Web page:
‘The Geography Ambassador Scheme uses undergraduate and graduate geographer’s enthusiasm and passion for the subject to show school pupils of any Secondary School age the relevance and importance of the subject, not just to them personally, but also in application to the wider world.’

    The scheme exists to promote the discipline of geography. Everyone who has engaged with geography has experienced the perceived negative stereotypes associated with it, something which serves to deflect away from the depth and brilliance of the subject. This scheme seeks to dispel the myths associated with the subject and promote geography as the inspiring and diverse subject it is.

    I joined the scheme as a third year as a way of enhancing my employability and helping me to consider alternative career paths. However I was pleasantly surprised with the training day, honestly my expectation was a couple of hours going through guidelines and safety regulations. The session itself was indicative of Geography at its best, engaging, informative and extremely enjoyable. Throughout the training session we discussed how to encourage younger pupils to engage with the discipline, how to make sessions creative and interactive and deal with any problems that may arise throughout our participation on the scheme. The emphasis throughout was on how we can take our ideas and love of Geography beyond the institution, this as Simon Faulkner states is the primary purpose of the scheme:

    ‘The scheme places a large importance on relating the subject to school pupils, drawing on the Ambassadors’ university geography and ideas that pupils would not have encountered before, in an effort to encourage them to take the subject past the compulsory stages.’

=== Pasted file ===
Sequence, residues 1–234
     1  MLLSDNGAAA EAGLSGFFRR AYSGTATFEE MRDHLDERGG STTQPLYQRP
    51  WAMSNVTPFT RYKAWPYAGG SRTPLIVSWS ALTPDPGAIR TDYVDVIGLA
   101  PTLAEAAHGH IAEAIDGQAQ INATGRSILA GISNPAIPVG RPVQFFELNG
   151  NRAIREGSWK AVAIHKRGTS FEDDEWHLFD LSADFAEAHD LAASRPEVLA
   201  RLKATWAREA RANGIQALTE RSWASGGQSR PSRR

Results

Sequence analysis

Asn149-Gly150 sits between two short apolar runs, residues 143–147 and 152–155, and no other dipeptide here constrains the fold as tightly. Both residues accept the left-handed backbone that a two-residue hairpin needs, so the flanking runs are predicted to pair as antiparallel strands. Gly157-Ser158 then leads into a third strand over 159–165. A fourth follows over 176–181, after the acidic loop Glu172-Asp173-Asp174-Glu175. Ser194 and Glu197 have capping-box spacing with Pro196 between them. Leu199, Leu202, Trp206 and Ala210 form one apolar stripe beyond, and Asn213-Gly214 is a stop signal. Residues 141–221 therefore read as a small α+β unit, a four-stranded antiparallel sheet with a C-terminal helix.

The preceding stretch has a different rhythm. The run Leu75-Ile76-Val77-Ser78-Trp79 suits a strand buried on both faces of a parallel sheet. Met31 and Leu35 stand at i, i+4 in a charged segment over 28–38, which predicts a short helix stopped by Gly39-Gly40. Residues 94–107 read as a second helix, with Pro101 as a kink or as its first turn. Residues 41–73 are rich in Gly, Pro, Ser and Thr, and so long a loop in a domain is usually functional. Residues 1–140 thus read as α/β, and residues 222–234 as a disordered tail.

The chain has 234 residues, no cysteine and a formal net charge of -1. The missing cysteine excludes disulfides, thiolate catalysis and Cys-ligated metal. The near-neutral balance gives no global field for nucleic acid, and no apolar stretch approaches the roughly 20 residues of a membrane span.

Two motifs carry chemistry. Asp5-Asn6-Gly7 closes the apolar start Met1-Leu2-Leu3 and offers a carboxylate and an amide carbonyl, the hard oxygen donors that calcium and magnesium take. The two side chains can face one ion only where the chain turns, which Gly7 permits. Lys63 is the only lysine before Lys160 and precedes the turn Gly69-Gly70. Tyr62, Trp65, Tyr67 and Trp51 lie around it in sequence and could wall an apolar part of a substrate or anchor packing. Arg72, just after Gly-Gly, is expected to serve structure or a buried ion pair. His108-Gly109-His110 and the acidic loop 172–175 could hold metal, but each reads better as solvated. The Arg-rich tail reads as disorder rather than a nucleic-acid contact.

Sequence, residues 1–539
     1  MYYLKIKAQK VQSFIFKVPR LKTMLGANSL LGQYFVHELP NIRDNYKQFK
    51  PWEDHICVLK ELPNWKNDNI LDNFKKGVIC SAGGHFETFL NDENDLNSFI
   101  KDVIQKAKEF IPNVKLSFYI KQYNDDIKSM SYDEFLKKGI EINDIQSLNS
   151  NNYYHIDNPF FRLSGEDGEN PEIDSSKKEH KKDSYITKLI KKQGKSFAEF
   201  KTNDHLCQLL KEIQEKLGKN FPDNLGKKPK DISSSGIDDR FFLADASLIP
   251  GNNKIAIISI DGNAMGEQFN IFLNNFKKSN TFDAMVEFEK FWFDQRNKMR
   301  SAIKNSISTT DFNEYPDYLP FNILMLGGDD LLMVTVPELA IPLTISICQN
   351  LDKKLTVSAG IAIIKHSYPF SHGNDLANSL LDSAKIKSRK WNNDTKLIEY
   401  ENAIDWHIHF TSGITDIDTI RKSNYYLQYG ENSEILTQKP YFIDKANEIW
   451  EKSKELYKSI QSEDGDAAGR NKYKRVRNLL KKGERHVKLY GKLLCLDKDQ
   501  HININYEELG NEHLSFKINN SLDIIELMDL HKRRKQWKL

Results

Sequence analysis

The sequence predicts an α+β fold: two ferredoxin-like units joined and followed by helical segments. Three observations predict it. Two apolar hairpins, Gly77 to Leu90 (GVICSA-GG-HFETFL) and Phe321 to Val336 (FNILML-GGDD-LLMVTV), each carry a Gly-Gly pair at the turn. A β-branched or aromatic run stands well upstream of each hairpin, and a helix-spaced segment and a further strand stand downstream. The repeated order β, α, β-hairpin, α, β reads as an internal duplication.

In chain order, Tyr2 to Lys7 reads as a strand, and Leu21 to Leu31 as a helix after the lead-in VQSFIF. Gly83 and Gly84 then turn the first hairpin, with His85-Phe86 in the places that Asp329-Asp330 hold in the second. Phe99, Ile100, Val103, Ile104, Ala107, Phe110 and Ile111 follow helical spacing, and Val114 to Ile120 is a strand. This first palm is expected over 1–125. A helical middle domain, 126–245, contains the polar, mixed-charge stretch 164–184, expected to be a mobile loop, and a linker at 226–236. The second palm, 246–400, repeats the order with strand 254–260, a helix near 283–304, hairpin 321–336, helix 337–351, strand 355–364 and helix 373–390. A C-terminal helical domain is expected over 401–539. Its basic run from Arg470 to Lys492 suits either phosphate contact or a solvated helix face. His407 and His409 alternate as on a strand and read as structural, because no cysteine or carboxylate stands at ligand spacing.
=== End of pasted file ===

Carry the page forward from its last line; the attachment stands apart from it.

The scheme promotes an awareness and skill set which is valuable on a personal level, providing one with the confidence and motivation to do something which a subject they are passionate about. William Hingley, a third year Geography student who undertook the scheme last year explains how the scheme enabled him to expand his skill set, ‘the scheme really developed my confidence in working with younger generations and helped me share my love of Geography with a younger generation’. This is a sentiment shared by the Coordinator of the scheme, ‘the scheme promotes the aspects of geography that are not always picked up on, such as the variety of skills you gain and the socially conscious nature of the subject’. The scheme is unusual in its multiplicity of tackling many issues, broadening the horizons of the both the geographer and the subject.

    I would highly recommend that every student should apply for the scheme:

    ‘The RGS Ambassador scheme helped to reaffirm my passion for geography. I remembered how much fun it is going beyond dissertations and deadlines. The day was really fun and I would encourage everyone to give it a go’. Daniel McConaghy, third year Geography student.

    So next time the email comes round asking for people to sign up for the RGS Ambassador scheme, give it a shot. You never know where it may take you.